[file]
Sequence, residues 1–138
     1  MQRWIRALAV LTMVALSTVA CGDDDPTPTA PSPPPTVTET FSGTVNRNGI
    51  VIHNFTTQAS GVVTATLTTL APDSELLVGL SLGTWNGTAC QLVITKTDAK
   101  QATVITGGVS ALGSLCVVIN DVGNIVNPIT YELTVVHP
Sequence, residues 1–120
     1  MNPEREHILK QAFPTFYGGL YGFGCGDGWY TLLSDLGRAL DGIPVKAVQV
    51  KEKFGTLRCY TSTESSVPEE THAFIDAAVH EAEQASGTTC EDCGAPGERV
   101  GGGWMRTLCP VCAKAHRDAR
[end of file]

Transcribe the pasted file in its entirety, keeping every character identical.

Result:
Sequence, residues 1–138
     1  MQRWIRALAV LTMVALSTVA CGDDDPTPTA PSPPPTVTET FSGTVNRNGI
    51  VIHNFTTQAS GVVTATLTTL APDSELLVGL SLGTWNGTAC QLVITKTDAK
   101  QATVITGGVS ALGSLCVVIN DVGNIVNPIT YELTVVHP
Sequence, residues 1–120
     1  MNPEREHILK QAFPTFYGGL YGFGCGDGWY TLLSDLGRAL DGIPVKAVQV
    51  KEKFGTLRCY TSTESSVPEE THAFIDAAVH EAEQASGTTC EDCGAPGERV
   101  GGGWMRTLCP VCAKAHRDAR